3. When you are happy with the regulation, it would be a good idea to pour a drop of clear nail varnish on the screw threads to block the screw. But don't use anything stronger than nail varnish (superglue would be a very bad idea!).

P.S. When you are at it, you can see an other screw just below this one, that controls the regulation of the bridge between the stacks (to play Bb with the fingerings 1+1 or 1+2)
-when this screw is not tight enough, Bb played using the 1+x fingering is stuffy
-when on the contrary this screw is overtightened, the notes below F# are more difficult to play.
You could also control if the regulation of this screw is correct. Or if you never use the 1+x fingering, at least check that the screw is not overtightened.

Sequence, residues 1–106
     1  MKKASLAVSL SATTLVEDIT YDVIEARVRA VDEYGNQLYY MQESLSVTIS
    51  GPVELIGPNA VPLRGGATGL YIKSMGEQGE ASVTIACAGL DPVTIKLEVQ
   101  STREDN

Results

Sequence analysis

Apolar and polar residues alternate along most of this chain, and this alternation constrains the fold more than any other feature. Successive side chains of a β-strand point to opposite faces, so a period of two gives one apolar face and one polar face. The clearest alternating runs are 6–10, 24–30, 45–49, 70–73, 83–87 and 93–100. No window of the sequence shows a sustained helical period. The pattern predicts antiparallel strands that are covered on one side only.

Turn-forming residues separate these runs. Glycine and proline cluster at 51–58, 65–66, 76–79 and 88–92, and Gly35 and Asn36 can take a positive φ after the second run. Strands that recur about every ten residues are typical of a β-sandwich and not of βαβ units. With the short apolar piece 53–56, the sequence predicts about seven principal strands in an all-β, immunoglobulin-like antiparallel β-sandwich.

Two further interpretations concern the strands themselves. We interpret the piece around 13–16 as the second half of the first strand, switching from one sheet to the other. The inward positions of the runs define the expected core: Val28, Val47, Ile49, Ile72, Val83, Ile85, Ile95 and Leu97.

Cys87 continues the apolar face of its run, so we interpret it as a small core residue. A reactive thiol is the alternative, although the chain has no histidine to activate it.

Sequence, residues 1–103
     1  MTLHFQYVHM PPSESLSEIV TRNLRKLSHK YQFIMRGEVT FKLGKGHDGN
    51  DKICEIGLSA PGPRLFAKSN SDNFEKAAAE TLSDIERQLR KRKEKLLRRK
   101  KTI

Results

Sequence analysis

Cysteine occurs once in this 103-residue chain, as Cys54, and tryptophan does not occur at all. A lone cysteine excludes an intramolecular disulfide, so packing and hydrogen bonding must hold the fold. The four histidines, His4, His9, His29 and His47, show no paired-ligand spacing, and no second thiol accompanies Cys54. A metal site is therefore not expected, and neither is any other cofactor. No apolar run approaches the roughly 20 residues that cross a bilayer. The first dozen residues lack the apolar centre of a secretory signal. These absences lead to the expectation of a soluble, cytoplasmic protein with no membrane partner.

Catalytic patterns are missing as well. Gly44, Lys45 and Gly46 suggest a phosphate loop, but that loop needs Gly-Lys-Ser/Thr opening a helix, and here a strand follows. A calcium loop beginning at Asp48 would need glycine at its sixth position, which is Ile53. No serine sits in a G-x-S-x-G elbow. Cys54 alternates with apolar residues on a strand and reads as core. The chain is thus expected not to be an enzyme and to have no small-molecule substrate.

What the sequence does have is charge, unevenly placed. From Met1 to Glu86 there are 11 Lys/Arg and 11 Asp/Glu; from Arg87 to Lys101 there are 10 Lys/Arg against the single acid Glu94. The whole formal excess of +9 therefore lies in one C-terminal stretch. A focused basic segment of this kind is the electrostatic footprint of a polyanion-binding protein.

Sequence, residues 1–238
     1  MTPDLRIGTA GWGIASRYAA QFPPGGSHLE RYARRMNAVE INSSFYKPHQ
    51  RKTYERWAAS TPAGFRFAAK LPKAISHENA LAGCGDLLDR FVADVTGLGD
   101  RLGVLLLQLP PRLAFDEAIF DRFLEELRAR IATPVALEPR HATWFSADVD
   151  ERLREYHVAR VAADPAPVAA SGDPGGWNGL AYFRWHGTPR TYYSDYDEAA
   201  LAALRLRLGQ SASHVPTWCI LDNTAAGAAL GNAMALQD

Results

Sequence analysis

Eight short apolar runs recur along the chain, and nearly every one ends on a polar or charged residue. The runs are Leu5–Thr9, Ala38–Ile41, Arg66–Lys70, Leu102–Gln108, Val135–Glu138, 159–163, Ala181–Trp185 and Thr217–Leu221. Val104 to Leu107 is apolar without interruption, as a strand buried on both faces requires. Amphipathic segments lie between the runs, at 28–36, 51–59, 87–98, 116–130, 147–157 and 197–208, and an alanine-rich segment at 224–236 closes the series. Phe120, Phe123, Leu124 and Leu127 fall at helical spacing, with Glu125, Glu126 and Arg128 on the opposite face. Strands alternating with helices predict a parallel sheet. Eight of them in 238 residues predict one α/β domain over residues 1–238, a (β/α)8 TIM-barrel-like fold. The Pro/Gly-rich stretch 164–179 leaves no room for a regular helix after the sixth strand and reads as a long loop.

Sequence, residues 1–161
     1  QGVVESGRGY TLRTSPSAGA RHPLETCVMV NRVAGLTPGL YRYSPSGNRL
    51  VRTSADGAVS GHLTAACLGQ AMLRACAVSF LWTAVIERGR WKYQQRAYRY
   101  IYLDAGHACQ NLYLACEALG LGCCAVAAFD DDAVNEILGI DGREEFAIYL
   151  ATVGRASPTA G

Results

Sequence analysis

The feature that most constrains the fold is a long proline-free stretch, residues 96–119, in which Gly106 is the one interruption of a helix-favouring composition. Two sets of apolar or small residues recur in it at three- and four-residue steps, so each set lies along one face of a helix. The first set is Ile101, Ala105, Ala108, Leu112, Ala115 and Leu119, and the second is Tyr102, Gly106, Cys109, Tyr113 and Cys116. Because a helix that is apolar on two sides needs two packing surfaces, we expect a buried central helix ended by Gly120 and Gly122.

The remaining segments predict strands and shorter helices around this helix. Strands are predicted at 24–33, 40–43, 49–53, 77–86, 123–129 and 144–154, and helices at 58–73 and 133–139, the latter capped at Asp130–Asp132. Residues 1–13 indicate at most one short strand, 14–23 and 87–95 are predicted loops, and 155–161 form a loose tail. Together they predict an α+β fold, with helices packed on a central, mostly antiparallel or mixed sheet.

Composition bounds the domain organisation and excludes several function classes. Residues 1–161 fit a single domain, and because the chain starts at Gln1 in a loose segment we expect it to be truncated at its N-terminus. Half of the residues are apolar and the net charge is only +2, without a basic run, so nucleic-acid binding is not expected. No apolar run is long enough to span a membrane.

·
Distinguished SOTW Technician
Joined
·
3,409 Posts
So, the screw regulating the F#-G# connection needs tightening.
1. Action the G# key and watch your horn. You will see a pad moving: it's the G# pad. You will also see a screw above the pad cup.
2. Tighten this screw very slowly in steps (1/8 turn at each step should be enough, maybe even less when you approach the correct regulation) and after each step, control if a change occurs in low D when you press G#. You stop when you can't detect a change any more, of course! Don't overtighten the screw, because it would harm the notes below F#. To fine tune the regulation, you can make a back and forth: when you have tightened the screw and don't detect a change, back off by a (very) small amount and control again,...
3. When you are happy with the regulation, it would be a good idea to pour a drop of clear nail varnish on the screw threads to block the screw. But don't use anything stronger than nail varnish (superglue would be a very bad idea!).